Another concern is that if the Office of Civil Rights were to be displeased with Knox’s Title IX compliance, the school could lose all of its federal funding. Amott hastened to mention that this has never happened, but it remains a possibility that the school needs to be aware of.

Read the full text of Kennedy’s address to faculty and administrators

Matt Barry
Matt Barry is a senior majoring in international relations and double minoring in economics and German. This is his third year working for TKS, having served previously as discourse editor. He has worked for such organizations as the Chicago Council on Global Affairs, Premier Tourism Marketing and the Council on American Islamic Relations-Chicago, where his work appeared in such publications as Leisure Group Travel, Ski & Ride Club Guide and The Chicago Monitor. Matt has written his political opinion column, "The Voice of Reason," weekly for three years, which finished in first place at the 2012 Illinois College Press Association conference and was also recognized at the 2013 conference.

Tags:  faculty meeting mandatory reporting sexual assualt Teresa Amott title ix

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Matt Barry
Matt Barry is a senior majoring in international relations and double minoring in economics and German. This is his third year working for TKS, having served previously as discourse editor. He has worked for such organizations as the Chicago Council on Global Affairs, Premier Tourism Marketing and the Council on American Islamic Relations-Chicago, where his work appeared in such publications as Leisure Group Travel, Ski & Ride Club Guide and The Chicago Monitor. Matt has written his political opinion column, "The Voice of Reason," weekly for three years, which finished in first place at the 2012 Illinois College Press Association conference and was also recognized at the 2013 conference.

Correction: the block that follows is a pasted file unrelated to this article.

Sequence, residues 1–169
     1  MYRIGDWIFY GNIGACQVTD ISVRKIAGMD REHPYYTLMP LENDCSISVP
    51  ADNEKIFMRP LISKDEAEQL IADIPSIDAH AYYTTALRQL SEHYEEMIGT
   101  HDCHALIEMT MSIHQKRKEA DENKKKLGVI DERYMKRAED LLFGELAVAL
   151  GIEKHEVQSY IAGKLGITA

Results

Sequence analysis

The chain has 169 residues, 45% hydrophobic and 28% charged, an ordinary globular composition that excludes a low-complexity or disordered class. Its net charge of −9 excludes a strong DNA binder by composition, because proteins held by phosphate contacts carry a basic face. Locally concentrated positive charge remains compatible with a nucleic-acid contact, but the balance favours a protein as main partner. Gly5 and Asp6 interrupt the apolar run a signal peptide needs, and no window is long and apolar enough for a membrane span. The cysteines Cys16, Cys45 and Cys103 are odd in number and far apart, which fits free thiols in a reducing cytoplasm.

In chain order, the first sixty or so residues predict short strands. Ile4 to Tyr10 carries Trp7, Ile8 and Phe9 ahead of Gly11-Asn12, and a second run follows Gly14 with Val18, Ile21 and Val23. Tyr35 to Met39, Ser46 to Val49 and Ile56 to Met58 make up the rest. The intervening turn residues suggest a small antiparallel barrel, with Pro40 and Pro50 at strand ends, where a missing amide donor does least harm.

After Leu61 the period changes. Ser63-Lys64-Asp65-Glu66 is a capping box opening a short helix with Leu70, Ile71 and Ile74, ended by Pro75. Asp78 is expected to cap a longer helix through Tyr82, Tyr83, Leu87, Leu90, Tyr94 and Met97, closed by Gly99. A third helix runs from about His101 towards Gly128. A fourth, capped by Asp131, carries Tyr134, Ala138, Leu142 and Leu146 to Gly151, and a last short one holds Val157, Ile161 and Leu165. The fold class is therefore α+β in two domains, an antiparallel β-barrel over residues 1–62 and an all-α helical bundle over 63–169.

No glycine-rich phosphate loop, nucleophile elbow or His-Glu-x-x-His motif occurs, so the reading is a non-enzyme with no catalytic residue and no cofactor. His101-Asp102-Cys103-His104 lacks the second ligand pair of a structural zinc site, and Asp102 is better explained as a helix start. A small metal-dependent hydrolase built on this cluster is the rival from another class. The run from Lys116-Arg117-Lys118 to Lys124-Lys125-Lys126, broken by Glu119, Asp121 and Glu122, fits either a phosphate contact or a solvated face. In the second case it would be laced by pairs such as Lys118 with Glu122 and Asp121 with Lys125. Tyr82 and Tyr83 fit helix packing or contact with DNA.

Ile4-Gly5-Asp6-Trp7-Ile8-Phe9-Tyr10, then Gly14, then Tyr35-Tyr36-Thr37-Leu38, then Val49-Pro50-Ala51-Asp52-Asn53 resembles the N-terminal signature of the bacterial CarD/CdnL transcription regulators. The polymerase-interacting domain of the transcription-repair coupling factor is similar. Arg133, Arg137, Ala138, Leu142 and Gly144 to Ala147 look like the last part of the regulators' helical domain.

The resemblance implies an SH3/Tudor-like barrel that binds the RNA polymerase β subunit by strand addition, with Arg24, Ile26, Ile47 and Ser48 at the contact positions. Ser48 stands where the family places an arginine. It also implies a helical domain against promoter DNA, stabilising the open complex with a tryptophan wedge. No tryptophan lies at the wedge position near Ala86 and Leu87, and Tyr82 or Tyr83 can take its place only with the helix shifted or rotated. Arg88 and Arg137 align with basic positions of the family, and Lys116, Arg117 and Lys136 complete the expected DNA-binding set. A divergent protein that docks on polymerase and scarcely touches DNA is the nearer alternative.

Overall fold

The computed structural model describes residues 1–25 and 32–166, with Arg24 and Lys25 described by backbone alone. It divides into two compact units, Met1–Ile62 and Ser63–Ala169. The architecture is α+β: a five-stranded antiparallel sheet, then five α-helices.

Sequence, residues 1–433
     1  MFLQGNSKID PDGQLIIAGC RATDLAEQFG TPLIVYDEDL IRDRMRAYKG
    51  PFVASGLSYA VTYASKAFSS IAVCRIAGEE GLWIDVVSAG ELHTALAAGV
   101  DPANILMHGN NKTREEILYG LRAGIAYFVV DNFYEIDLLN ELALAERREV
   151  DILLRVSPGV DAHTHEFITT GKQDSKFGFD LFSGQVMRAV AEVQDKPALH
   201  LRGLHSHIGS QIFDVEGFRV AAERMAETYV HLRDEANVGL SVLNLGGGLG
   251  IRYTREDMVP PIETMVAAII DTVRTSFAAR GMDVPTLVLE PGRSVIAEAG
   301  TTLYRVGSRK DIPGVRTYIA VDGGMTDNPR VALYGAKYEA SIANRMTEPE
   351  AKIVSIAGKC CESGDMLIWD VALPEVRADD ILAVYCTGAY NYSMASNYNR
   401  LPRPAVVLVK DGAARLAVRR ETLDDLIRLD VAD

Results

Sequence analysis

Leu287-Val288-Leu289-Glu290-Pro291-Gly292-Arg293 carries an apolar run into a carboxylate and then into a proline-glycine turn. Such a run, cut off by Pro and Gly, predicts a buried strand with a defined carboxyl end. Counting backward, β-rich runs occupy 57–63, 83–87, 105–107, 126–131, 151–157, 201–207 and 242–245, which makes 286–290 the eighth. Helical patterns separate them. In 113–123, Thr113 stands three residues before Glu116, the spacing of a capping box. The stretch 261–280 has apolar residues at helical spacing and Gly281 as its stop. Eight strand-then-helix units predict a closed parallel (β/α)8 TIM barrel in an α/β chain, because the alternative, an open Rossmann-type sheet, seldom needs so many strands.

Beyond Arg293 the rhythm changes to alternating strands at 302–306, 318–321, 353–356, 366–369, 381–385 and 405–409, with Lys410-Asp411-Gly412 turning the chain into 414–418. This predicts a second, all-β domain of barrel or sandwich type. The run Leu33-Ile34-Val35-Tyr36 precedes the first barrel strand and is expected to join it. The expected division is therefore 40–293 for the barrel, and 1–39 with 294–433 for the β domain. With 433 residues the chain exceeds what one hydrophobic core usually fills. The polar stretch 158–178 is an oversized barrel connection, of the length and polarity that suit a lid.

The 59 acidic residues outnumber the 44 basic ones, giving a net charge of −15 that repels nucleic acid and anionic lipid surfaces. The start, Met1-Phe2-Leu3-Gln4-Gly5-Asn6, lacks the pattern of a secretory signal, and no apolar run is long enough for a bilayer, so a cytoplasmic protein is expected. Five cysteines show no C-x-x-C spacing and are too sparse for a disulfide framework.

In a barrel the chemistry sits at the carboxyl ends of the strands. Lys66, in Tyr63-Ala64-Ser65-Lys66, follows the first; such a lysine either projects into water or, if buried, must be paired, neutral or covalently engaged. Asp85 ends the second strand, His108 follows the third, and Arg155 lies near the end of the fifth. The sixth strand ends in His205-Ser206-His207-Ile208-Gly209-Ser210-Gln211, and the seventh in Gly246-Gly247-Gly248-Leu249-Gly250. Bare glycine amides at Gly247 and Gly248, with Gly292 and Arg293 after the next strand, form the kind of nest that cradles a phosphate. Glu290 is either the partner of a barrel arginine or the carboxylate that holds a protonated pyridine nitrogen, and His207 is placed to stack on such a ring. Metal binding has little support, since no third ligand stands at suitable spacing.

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  • Lori Schroeder

    [The following response was sent to the students who expressed concerns about Knox sexual harassment policy at the April 7 faculty meeting.]

    All,

    On behalf of all of us working toward a campus free from sexual
    harassment, especially from sexual violence, we thank all of the students who presented a statement of concern at the April 7th faculty meeting. It is quite clear that you care deeply and rightly so about the needs of sexual assault survivors and we respect the leadership students have taken on these issues for years at Knox. As President Amott stressed later at the same meeting, responding to the safety and needs of survivors is at the heart of the policy that expects all faculty and staff to report incidents of sexual harassment to the Title IX Team. We are trying to change the culture of silence, replacing it with a culture of responsibility at both the individual and institutional levels. Making campus a safe place for all of us is a job for each of us.

    While it is clear that we have the same goal, it is also clear that we disagree about how the College’s support can best be mobilized to
    achieve this goal. Our first step was to develop a policy that includes an
    expectation that all employees report incidents of sexual harassment. Most liberal arts colleges of our size and with similar missions have that policy, as do many of the nation’s top institutions that are committed to the safety of all of their students. But we know that policy never changes culture, so we have also been working (mainly through the Sexual Assault Prevention and Response Task Force) to put in place everything else that is so crucial. Significant steps have already been taken, for instance, to bolster counseling support systems on campus; to make information on sexual assault response options more readily available; to increase educational measures for faculty, staff and students; to implement bystander training. But it will take time to get all of these systems in place, and you have our pledge that they will indeed be
    put in place and sustained over the coming years. At the same time, the
    concerns of students for more and different forms of support for survivors are being listened to and we will continue to work through the Task Force and other forums to make sure that students are included in the decisions being made about what forms of support for survivors are put in place over the coming weeks and months.

    Lori Schroeder,
    Title IX Coordinator

    Title IX Team
    members: Catherine Denial, Laura Schnack, Kim Schrader, Gina Zindt, John Schlaf, Cassidy Voyles

    Deb Southern, Dean
    of Students

    Teresa Amott,
    President